Beck has been one of my favorite indefinable artists since 94, my hazy college years. I’ve religiously bought every album and single I could get my hands on since that time. Anything that had his name on it really, his bluesy funky style always struck a chord with me. This is probably the third best of beck mixtape I have created (the first one I made was on cassette tape) and it may not be the last. I call it Modern Dylan, because like Bob, Beck is a story-teller, so in a lot of ways he’s my generation’s Dylan. Coincidentally Beck even toured with Dylan interestingly enough.
I used to be a club DJ for years, and I got very sick of Loser after playing it for countless years. It was at a point, the only Beck song I didn’t like. That was too bad, because it’s a good song, but I was sick of playing it every Saturday night. When I made this mix, I felt obligated to play it, but I knew I could spice it up a little bit without detracting from the original so I decided to remix it. Not to mention that made it easier to mix in the process. I didn’t have any a Capella to work with, so I called the remix what it is, “Rchecks Extended Overlap”. I overlapped on top of the original recording looping the first 2 guitar bars at times. I extended the intro and outro using that guitar loop. Hopefully I did the original justice, nothing worse than a bad remix of a track that people consider a one-hit-wonder song.
All songs on this mixed compilation are from my personal collection of Beck’s original CDs, LPs, EPs, 12”, and 7” recordings. This uploaded mix is the modside (modern). The second side dylside is his slower, more serious country and folk music, not nearly as palatable for a lot of people unfortunately. That side will remain on CD format only for friends and family. However, for serious Beck fans that contact me via email and live within the continental US, I’ll gladly send a hard copy of both discs at no cost. My email can be obtained here. Hope you can dig it. Most importantly, I hope this mix can help you appreciate Beck’s music more.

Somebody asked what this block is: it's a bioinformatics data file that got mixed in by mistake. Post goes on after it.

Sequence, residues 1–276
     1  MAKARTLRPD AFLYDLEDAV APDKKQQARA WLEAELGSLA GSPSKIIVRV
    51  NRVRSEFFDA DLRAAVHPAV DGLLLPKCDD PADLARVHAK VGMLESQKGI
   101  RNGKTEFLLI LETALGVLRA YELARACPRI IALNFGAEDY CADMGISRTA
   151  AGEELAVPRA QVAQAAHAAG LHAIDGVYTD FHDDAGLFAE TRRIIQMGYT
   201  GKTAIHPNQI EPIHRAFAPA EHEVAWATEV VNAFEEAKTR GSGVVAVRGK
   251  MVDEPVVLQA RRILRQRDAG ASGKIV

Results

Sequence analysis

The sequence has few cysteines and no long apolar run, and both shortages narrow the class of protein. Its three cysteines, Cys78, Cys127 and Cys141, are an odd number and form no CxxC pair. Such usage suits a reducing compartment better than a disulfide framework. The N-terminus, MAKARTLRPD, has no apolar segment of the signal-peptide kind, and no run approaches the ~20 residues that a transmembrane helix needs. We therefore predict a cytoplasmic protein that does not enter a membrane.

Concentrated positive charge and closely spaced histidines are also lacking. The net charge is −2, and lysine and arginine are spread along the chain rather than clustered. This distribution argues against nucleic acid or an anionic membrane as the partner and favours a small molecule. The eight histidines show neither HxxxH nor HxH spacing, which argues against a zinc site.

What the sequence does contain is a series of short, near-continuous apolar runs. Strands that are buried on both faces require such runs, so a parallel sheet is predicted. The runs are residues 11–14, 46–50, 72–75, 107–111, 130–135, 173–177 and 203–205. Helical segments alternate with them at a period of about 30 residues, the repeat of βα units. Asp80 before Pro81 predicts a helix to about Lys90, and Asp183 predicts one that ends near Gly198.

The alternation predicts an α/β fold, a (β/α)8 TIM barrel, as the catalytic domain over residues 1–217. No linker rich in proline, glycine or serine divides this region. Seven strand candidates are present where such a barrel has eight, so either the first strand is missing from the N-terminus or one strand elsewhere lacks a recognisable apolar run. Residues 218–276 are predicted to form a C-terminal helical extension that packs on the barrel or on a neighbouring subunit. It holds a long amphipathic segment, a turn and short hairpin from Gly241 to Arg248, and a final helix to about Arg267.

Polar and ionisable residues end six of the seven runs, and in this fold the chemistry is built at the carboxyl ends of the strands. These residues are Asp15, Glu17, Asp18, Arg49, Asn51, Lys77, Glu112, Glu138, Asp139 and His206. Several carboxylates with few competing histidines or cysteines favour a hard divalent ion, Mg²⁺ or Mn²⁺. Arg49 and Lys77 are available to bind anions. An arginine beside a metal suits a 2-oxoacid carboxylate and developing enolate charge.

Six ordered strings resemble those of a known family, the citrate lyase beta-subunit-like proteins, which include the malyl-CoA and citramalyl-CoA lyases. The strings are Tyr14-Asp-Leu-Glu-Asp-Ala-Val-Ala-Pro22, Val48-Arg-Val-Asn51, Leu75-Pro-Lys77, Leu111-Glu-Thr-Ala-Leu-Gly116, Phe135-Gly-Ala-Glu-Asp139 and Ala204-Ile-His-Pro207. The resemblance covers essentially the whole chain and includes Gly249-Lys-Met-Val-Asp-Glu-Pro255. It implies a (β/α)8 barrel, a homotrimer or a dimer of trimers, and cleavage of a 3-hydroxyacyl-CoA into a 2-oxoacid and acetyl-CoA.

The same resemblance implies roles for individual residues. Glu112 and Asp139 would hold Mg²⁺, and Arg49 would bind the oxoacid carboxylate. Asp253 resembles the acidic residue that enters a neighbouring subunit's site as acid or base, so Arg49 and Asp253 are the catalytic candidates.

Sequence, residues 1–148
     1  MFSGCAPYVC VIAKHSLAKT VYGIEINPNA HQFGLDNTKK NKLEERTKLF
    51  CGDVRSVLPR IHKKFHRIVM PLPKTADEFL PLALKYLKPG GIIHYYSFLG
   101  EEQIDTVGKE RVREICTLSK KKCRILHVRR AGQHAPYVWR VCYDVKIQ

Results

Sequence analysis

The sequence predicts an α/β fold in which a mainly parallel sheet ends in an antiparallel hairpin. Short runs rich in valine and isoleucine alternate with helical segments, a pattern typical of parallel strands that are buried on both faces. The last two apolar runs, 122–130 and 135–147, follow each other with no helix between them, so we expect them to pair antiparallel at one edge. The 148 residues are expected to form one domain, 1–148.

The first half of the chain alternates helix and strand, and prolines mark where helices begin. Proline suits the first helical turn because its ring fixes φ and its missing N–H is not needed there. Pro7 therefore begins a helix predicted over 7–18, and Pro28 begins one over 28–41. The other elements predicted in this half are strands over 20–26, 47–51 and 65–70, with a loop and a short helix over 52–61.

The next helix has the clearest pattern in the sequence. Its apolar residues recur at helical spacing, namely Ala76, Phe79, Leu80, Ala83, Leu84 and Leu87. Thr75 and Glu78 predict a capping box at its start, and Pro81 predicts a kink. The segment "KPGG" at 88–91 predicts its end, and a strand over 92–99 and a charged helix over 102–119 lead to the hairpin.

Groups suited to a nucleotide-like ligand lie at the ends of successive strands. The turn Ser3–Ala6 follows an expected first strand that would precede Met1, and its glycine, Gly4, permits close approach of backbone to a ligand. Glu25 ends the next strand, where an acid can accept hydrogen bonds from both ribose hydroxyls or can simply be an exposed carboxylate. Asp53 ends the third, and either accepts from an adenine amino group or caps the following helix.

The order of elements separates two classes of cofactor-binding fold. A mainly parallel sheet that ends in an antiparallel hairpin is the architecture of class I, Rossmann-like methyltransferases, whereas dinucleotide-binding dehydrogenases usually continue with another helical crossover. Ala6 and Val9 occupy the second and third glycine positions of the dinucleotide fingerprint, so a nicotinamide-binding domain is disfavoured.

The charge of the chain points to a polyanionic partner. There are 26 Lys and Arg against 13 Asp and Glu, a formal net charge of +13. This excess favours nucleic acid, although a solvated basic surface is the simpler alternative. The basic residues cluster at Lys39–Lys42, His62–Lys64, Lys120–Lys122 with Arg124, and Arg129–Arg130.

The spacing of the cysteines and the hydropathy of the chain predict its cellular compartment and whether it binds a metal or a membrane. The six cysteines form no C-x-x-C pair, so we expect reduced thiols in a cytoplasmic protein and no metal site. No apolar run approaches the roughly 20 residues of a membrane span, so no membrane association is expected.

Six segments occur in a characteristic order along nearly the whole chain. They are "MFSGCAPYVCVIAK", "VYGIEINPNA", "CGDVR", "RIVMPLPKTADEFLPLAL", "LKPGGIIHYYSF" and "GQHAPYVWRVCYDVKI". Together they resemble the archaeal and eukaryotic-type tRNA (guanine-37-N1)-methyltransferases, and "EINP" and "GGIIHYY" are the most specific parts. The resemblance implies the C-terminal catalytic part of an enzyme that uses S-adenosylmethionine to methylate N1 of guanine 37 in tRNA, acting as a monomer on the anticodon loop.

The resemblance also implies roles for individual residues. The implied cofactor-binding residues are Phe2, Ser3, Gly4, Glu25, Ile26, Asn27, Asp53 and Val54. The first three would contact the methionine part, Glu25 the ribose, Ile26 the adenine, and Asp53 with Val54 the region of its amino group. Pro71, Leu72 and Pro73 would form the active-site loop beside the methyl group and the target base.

Back to my old dad’s car tape. This tune was a slick, funky standout on a tape otherwise whiter than an Apple Store Christmas party. The thumping kick you hear is actually a programmable drum machine, making this the first number one to utilise one. Huh. I like how it hides quite well within the mix. Apparently Sly redubbed the recording so much the tape wore out, which gives the track its trademark swampy sound.
It is my privilege and pleasure to be able to bring you two short but extremely potent breaks mixes from two-time UK DMC team champ and general award-winning DJ Loop Skywalker. Loop has over 25 years of battle experience under his belt and a is a fantastic role model to all young DJs. He is also the very lucky recipient of one of my old mixers which I donated to form the control panel on a magic sex fembot he’s building. These little doozies feature some of rap’s classicest breaks and samples, blended with the turntable wizardry of Master Loop.
I liked hearing the new single from these two singer/rapper/producers today. Who the hell are they? You might know but I predictably didn’t. Their label, Sub Pop sez:
THEESatisfaction are Stasia Irons and Catherine Harris-White. Stas was born and raised in Tacoma, Cat in Seattle and Hawaii. The pair live/laugh/love/dance and create in Seattle, WA. They write, produce and perform their own material, funk-psychedelic feminista sci-fi epics with the warmth and depth of Black Jazz and Sunday morning soul, frosted with icy raps that evoke equal parts Elaine Brown, Ursula Rucker and Q-Tip. They met by what was clearly cosmic happenstance at the University of Washington and haven’t stopped the flow since.